When you sell to a new overseas customer, do you worry that you’ll get paid in a timely fashion, or worse yet, will the client pay at all? How do you quickly obtain high quality, reliable credit information about a company in a small, foreign country before you ship the goods? The answer lies with credit insurance. Used extensively in Europe for years, credit insurance is now being used more often by U.S. businesses in overseas and even domestic transactions.
Credit insurance is also known as accounts receivable insurance, bad debt insurance or credit risk insurance. The types of risks covered by credit insurance involve non-payment by buyers due to insolvency, slow payment after delivery is made and for losses that resulted from a customer becoming insolvent before delivery of goods or completion of contract, but after the goods had been produced and shipped.
During times of economic downturn or gradual expansion, credit insurance provides an extra layer of protection for your company’s growth, and helps to calm nervous lenders. Often, the credit insurance policy can be used to reduce the cost of a loan, as it is almost a certainty that revenue from a specific source will be forthcoming.
Credit insurance may enable you to sell more goods on credit terms while substantially reducing the overall risk of exposure due to non-payment. It also may enable you to take advantage of peak and cyclical selling periods and to safely expand into new product lines or territories.
Generally, it is recognized that 20% of a company’s customers account for 80% of sales. Credit insurance protects against the devastating loss resulting from the insolvency of one of your key accounts. A credit insurance contract can insure your entire accounts receivable or be custom tailored to cover just your key customers. Lenders recognize that the insolvency of a company’s key customer may jeopardize repayment of a loan. Credit insurance reduces this risk.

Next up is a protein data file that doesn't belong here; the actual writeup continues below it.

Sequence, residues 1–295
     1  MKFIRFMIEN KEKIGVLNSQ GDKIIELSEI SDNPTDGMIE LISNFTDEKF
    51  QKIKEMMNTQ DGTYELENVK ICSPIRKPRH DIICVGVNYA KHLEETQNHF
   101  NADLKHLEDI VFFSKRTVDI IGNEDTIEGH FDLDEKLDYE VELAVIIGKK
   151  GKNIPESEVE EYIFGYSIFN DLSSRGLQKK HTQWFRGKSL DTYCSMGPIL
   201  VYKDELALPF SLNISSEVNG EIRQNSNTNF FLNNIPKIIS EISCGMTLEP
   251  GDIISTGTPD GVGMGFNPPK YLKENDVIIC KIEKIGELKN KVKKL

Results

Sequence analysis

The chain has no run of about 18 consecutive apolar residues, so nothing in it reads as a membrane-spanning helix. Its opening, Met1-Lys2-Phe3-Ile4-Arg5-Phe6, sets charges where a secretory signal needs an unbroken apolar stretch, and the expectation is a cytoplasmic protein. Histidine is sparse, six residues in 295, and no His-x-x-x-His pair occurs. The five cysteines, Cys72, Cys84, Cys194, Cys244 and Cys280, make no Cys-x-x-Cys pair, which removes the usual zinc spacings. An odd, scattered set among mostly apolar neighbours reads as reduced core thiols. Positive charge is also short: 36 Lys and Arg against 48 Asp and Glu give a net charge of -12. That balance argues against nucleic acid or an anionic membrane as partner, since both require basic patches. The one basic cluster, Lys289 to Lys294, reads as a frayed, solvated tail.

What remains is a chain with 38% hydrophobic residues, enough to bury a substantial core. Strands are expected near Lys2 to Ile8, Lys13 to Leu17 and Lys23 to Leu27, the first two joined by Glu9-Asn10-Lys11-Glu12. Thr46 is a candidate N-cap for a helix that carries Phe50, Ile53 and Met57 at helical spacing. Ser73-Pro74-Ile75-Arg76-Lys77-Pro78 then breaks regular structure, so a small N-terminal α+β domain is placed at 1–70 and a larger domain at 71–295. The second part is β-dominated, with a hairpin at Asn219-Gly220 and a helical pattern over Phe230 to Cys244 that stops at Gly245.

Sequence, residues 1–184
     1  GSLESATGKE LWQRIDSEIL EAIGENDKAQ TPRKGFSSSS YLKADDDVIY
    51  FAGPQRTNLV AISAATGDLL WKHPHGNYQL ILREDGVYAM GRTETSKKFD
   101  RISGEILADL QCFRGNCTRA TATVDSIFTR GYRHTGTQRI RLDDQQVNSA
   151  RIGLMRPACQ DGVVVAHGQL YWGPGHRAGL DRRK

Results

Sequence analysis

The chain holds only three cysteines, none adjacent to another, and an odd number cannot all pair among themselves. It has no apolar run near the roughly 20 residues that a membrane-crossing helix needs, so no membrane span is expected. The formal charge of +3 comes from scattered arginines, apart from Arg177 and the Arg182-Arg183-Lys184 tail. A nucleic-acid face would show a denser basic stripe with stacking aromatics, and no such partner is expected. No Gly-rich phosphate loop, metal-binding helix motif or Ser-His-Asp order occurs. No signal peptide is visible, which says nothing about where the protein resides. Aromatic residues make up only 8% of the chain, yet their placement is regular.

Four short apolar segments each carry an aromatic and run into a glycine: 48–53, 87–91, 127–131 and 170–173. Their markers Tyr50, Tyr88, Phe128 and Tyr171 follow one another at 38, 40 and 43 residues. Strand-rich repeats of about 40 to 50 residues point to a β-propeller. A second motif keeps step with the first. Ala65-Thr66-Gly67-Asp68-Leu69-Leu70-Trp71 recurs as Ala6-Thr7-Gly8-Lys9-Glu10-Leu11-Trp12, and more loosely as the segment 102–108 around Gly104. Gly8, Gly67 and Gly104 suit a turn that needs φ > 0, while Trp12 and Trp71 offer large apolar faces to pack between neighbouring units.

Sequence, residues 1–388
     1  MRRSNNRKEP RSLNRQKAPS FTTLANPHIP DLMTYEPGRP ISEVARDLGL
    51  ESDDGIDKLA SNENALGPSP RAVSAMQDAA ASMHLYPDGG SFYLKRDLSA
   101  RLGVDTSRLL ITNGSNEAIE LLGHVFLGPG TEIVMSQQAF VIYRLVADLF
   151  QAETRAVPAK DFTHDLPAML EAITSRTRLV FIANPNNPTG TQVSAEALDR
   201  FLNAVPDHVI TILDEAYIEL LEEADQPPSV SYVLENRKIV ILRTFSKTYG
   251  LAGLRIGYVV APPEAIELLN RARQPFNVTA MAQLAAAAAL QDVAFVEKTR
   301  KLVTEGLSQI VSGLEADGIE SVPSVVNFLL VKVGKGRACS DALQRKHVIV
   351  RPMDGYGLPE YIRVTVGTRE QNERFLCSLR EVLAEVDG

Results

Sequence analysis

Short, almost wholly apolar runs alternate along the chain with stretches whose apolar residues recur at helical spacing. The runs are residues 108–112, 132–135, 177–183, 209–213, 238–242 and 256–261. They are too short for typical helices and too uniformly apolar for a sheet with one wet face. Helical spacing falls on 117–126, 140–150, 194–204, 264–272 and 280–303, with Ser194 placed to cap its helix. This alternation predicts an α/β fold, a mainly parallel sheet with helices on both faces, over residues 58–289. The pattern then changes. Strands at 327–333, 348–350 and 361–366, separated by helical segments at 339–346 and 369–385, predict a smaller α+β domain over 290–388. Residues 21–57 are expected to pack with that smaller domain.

Credit insurance usually costs a fraction of one percent of insured sales and premiums are based on the type of business, annual sales, loss experience and countries where goods are sold. Letters of credit, an alternative to credit insurance, are more costly and can tie up your credit lines.
Premiums for credit insurance can be factored into your export prices. Buyers are often willing to pay the credit insurance premium, since your credit terms are probably more feasible than a buyer arranging financing from a bank in the foreign country.
Once a credit insurer accepts your account, it will investigate the credit background of your customers using data from banks, trade organizations, government agencies, credit and rating groups, and from its own extensive files. It will also examine your company’s sales, credit history and shipment methods.
The detailed data and information provided by credit insurers can support your decision to establish credit limits for your customers. Sales to some foreign countries that have been designated by the government as “high risk” are not eligible for insurance, but these banned countries are small in number and change frequently.